Pilot core competencies to become an airline pilot

Pilot core competencies are defined by ICAO Doc 9995 as a standard set of skills and abilities that a pilot should possess to ensure safe, efficient, and comfortable flight operation. Being a pilot is a responsibility for people’s lives and operating aircraft, that is why these technical and non-technical competencies should be mastered on the highest level and then deeply assessed.

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Airline recruitment teams follow these core competencies as a standard to determine whether a candidate is suitable for an airline pilot role. They are crucial to start a pilot career so practicing them is key to success. Below we have listed and explained each of the 8 competencies that future pilots should be aware of:

Application of procedures and compliance with regulations

The pilot can identify and apply procedures in accordance with published operating instructions and knows the applicable regulations. Using appropriate knowledge when necessary in a proper timely manner, a candidate is able to fly with a high degree of safety. 

Pilot should have excellent communication skills

Good communication skills can be exhibited in many different ways, for example, when talking with the ATC in a clear and understandable manner, using eye contact and body language to show support for your interlocutor, or by asking relevant and effective questions. By conveying messages, verbal or non-verbal, accurately and clearly, the pilot can prevent misunderstandings and be a good team member.

Airplane flight path management — automation

Being proficient in controlling the aircraft’s flight path through automation, including appropriate usage of flight management systems, can be difficult to comprehend at first, but it’s a part of every commercial flight in any airline. A pilot should understand how to contain the aircraft within the normal flight envelope or select the appropriate mode of automation in a timely manner while considering the phase of flight and workload. 

Airplane flight path management — manual control

Controlling the airplane manually is probably one of the first qualities that come to mind when talking about pilot competencies. A pilot must manually maintain the desired flight path while managing other tasks and distractions, detect any deviations from the desired aircraft trajectory, and take immediate action. It’s an efficient skill that takes a great amount of time and self-control to perfect but ultimately leads to excellent control of the aircraft and smooth flight.

Good Crew Resource Management influences flight safety

Being a part of a flight crew comes with great responsibility, there has to be a good understanding and agreement between crew members to avoid conflicts that may lead to a dangerous situation. By creating an atmosphere in the cockpit that encourages team participation, pilots can voice their concerns, communicate intentions and give or receive relevant feedback. It is very important to remember, that good Crew Resource Management has a great impact on flight safety, and that’s why pilots should project a great deal of self-control and teamwork in all situations.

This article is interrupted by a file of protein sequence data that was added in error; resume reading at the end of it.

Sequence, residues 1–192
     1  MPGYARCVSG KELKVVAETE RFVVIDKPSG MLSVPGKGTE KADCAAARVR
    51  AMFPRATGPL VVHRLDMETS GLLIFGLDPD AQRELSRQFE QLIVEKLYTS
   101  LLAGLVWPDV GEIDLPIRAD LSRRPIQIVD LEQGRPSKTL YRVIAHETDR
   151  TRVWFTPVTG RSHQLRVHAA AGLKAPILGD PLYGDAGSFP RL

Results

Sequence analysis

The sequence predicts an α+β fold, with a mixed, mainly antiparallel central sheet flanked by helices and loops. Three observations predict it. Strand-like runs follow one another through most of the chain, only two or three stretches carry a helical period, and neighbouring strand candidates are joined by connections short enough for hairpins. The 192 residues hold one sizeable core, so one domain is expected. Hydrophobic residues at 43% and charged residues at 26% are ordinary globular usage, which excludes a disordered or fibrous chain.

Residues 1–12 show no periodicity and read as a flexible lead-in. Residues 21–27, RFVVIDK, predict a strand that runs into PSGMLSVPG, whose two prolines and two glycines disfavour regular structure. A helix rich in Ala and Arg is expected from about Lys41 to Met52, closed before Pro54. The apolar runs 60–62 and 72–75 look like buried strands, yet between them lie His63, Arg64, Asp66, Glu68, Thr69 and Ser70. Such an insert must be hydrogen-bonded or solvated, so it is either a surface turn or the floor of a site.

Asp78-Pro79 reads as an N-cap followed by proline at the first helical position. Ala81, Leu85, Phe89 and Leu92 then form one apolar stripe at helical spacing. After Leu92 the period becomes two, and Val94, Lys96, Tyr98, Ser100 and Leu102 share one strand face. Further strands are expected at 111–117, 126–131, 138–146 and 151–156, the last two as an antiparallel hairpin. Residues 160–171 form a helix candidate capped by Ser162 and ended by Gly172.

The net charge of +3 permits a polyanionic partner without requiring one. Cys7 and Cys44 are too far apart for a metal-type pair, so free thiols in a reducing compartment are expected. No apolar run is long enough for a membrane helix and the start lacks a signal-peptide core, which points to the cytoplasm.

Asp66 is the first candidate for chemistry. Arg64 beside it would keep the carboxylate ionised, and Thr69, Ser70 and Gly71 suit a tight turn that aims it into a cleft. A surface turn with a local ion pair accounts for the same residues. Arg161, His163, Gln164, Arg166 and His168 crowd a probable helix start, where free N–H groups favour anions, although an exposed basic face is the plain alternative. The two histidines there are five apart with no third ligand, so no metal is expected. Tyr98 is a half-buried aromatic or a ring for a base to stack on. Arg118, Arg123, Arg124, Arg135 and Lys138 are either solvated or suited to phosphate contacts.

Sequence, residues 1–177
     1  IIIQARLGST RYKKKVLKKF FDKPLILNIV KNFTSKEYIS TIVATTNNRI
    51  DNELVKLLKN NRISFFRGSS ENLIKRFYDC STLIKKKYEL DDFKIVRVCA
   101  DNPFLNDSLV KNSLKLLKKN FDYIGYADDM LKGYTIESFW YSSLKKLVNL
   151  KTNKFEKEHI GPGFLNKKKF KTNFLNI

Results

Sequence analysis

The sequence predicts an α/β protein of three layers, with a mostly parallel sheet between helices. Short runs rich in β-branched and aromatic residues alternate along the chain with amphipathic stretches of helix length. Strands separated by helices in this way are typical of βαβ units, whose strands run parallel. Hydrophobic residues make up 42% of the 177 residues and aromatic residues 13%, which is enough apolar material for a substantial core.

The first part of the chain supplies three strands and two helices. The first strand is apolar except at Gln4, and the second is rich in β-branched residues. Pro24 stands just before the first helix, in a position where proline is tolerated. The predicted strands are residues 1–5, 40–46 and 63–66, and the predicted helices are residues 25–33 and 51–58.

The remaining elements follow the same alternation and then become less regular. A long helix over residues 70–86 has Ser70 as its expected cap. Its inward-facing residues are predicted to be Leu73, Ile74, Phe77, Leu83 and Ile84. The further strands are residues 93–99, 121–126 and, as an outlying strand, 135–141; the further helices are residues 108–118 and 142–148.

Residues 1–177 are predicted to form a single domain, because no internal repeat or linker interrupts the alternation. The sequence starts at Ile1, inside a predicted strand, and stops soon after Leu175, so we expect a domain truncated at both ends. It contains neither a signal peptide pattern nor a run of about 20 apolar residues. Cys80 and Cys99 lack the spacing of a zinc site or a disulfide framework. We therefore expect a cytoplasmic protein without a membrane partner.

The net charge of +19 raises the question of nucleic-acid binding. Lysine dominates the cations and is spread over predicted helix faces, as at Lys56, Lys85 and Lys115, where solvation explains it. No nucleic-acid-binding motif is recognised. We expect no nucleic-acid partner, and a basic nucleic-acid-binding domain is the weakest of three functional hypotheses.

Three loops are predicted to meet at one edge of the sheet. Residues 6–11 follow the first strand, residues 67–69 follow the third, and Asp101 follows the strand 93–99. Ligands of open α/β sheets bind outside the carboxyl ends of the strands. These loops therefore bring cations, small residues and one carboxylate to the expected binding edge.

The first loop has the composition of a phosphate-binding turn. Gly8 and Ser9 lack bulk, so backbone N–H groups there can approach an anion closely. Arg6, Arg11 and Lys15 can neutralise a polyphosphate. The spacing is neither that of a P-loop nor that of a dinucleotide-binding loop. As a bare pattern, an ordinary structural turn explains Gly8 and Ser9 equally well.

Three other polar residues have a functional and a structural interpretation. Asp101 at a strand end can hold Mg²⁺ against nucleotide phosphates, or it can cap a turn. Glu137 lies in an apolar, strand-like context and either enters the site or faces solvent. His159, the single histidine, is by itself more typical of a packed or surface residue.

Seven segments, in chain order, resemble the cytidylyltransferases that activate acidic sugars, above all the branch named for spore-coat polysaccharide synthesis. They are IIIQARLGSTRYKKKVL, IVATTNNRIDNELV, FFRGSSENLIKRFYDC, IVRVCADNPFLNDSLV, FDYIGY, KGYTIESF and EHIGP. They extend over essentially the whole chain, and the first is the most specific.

Pilot with a problem-solving attitude

This competency relates to identifying risks and resolving problems using appropriate decision-making processes. This can be achieved by, for example, effectively identifying and managing risks, setting priorities appropriately, seeking accurate and adequate information from appropriate sources, or reviewing and adapting decisions as required.

Situation awareness in every phase of the flight

Situation awareness is a skill needed in every phase of flight. By perceiving and comprehending all of the relevant information available and anticipating what could happen that may affect the operation pilots can ensure a proper level of safety. This can be done by keeping track of time and fuel, planning and staying ahead of any situation, or assessing accurately the aircraft’s vertical and lateral position and its anticipated flight path.

Workload management in the cockpit

Proper management of workload is crucial for providing a smooth workflow in the cockpit. This competency includes many different skills, but mostly focuses on being able to prioritize and perform tasks promptly. But this doesn’t mean a pilot has to make all the decisions on their own. Offering as well as accepting assistance when the workload gets overwhelming is more than acceptable since it also shows good teamwork initiative.

Also, EASA implemented one more competency, which is the Application of knowledge.

Aviation training courses provided by Evionica

Our e-learning pilot courses are made so that they help you become a better pilot at every step of your pilot career, by implementing as many practical resources as possible. 

  • 3D and 2D graphics allow one to easily understand the characteristics of an aircraft during manual flight 

  • Interactive slides help to broaden the understanding of automation systems in an aircraft

  • Knowledge checks after each chapter help to build practical problem-solving and decision-making skills

  • Providing knowledge in a clear and easy-to-understand manner aids visual learners to manage and store new information in an organized way

  • Always implementing up-to-date regulations which help with remembering and complying with them

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